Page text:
The couple then moved to NSW and settled in a remote area of NSW called the Blue Mountains. Their first child Amelia was stillborn in Sydney in 1859. They had 10 further children first boy named Thomas!
    Mary married a Thomas Foulkes in South Australia and remained there. She had a girl stillborn Mary and then a son Thomas and then another girl named Maria Therese.
    Both girls first sons were Thomas (could be their grandfathers name- if they were cousins)?
    BothJohanna/Judith Bentley (nee Shea) and Mary Foulkes (nee Shea) born Kilkenny 1838 and 1833 respectively died in Australia 1817 and 1818 respectively!
    The other Mary Shea father Patrick married a David Mutton and they settled in Kooringa and then Kapunda South Australia Kooringa is the same place Johanna/Judith married Thomas Castle in 1858.
    In 1817 Johanna/Judith was granted a share in her deceased husbands last remaining siblings deceased intestate estate.
    John Bentleys family in South Australia (his parents and 9 siblings) did not know what had happened to him after he left South Australia just after 1858!
    An archbishop of New Zealand (Thomas Oshea) may be connected to Johanna (as he visited the Blue Mountains)?
    Reference to the names Foulkestone/Thomas and Castle may have been used due to names from Johanna/Judith’s hometown in Kilkenny! The Irish sense of humour perhaps?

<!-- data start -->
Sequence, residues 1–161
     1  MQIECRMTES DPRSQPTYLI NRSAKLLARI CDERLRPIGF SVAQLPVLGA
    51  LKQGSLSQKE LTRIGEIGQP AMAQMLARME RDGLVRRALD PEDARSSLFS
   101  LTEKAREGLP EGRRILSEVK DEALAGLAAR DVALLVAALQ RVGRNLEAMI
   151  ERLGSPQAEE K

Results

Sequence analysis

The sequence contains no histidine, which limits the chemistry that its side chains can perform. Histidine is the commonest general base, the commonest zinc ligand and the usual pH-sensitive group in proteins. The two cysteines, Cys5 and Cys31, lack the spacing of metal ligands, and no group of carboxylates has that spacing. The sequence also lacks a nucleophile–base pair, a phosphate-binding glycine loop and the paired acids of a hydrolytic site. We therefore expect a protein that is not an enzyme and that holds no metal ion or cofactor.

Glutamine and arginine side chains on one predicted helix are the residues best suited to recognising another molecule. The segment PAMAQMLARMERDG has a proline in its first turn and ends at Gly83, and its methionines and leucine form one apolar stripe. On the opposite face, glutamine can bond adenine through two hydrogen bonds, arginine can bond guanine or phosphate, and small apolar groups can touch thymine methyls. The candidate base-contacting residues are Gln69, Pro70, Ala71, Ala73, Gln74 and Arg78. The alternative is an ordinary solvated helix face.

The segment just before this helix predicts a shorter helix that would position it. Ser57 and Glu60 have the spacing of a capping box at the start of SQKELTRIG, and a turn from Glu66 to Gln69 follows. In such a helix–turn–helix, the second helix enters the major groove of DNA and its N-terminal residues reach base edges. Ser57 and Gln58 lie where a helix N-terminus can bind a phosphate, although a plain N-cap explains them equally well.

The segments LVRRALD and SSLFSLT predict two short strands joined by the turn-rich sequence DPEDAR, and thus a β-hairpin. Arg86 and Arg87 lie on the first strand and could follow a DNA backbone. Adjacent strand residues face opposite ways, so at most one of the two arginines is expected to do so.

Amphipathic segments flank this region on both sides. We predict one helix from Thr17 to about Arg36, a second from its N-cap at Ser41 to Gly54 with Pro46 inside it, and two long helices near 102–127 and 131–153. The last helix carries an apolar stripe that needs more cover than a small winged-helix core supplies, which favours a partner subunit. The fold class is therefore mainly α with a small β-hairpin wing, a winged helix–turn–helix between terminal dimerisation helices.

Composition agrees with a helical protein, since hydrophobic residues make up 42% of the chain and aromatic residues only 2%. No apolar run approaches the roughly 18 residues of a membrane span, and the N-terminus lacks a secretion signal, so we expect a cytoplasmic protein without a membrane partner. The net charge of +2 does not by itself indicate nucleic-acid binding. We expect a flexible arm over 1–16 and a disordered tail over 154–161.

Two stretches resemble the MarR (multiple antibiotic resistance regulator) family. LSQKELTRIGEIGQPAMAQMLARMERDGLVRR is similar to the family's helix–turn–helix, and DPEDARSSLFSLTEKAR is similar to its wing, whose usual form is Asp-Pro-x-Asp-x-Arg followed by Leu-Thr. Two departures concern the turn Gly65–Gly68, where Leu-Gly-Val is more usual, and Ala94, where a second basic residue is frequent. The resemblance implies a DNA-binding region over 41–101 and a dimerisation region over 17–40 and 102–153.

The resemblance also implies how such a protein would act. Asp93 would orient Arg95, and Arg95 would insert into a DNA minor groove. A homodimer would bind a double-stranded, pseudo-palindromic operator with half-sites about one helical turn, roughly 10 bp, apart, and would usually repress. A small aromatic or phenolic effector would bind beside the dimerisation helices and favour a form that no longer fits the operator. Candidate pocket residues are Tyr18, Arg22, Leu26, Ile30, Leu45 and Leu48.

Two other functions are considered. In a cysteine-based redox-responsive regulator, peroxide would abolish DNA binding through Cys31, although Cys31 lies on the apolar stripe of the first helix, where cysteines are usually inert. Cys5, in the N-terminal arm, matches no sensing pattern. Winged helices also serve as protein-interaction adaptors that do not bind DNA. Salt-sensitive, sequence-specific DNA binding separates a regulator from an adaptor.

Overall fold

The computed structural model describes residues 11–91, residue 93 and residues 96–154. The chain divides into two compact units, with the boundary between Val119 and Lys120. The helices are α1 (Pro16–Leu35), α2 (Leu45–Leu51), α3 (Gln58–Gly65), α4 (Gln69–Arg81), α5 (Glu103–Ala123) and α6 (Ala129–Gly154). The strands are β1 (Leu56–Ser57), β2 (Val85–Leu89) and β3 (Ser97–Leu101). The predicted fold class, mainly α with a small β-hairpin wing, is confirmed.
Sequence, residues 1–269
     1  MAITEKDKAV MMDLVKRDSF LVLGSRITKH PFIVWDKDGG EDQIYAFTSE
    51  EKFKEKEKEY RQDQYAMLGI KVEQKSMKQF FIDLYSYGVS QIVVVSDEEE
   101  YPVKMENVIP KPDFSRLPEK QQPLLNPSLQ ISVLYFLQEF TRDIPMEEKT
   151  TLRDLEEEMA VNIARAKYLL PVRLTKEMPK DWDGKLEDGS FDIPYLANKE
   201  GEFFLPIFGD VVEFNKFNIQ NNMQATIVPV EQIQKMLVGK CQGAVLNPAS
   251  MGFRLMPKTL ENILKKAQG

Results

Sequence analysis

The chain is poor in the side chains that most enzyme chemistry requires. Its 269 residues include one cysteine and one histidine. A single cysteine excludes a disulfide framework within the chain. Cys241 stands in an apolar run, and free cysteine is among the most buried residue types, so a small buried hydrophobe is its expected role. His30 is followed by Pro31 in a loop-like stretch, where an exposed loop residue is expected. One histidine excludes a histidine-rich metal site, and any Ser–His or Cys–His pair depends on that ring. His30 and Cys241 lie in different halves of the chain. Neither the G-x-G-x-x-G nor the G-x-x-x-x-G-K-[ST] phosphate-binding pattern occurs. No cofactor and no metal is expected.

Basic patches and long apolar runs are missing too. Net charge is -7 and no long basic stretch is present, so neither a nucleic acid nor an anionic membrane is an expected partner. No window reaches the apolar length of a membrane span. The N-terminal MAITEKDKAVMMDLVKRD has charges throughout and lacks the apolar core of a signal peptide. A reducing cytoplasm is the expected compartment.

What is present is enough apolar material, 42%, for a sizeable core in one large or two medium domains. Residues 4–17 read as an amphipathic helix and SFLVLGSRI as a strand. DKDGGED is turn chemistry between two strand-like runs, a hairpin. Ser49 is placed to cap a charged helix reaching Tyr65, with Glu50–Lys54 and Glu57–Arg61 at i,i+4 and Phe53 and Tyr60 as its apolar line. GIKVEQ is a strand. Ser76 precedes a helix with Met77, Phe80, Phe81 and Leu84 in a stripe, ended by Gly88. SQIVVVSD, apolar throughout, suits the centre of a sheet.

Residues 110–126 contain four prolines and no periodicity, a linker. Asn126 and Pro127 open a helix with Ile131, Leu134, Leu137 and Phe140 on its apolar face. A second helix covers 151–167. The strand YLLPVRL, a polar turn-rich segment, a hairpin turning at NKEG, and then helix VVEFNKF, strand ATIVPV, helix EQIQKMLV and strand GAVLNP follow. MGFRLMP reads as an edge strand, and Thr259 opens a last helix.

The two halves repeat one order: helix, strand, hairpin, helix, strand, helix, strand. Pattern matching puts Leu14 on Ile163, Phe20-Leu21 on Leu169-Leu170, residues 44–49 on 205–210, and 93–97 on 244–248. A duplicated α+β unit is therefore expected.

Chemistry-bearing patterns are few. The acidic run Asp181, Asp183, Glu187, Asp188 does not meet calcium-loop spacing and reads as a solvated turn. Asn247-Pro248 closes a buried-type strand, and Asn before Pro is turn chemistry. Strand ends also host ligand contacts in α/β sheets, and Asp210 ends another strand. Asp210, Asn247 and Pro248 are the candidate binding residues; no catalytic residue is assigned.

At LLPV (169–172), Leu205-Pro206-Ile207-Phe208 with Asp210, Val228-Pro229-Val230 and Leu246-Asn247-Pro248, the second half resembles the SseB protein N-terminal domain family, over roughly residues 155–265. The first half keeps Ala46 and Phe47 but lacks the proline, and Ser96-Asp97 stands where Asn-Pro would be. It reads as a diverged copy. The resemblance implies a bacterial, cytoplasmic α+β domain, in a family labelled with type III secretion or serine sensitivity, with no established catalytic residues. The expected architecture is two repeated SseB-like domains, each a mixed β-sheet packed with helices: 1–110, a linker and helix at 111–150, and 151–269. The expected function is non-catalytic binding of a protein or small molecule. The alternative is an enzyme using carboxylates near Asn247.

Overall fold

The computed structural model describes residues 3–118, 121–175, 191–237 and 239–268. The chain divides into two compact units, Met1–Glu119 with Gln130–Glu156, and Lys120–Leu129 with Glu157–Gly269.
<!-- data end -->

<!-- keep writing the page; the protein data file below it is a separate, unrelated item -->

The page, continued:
Johanna’s Shea’s first daughter b Sydney 1859 (with Protestant John Bentley) was named Amelia. Interestingly the address given was Clarence Street Sydney where in 1860 a Mary Coogan (also from Kilkenny) had a child with a James Bentley at the same address?

    A McMullen Clan Family Website on MyHeritage Family Trees has a Julia/Johanna Ryan (died 1887 Hill End NSW) (parents James and Alice Ryan) marrying a Martin Shea.

    A Martin Shea b 1816 Kilkenny married a Julia Ryan (b1826 died 1887) in 1857 Sofala NSW

    A Martin Shea b1816 died aged 67 Kilkenny Jan-March 1883 Vol 3 page 457 FHL film 101592

    A Martin Shea married a Johanna Ryan 26th Jan 1854 Upperchurch and Drombane Tipperary Ireland Diocese Cashel and Emly

    A Martin Shea farmer/miner was born 1819 Kilkenny died January 27 1894 (son of Martin and Catherine Shea)

    A Martin Shea b 11 November 1833 Lisdowney Ossary Kilkenny-died 1901(5 October 1901 Kapunda South Australia) father Patrick Shea b1800 Kilkenny and mother Mary Phelan b 1805 Ireland baptised14 Nov Grangewood Lisdowney Co Kilkenny (godparents James Shea and Ellen Phelan)

    his siblings were

    Mick b1829 Lisdowney Ossory Kilkenny bap 28 April 1829 Martin Shea and Annie Phelan of Grangewood godparets
    Kitty b1831 Lisdowney Ossory Kilkenny bap 10 April 1831 Denis and Biddy Phelan of Grangewood godparents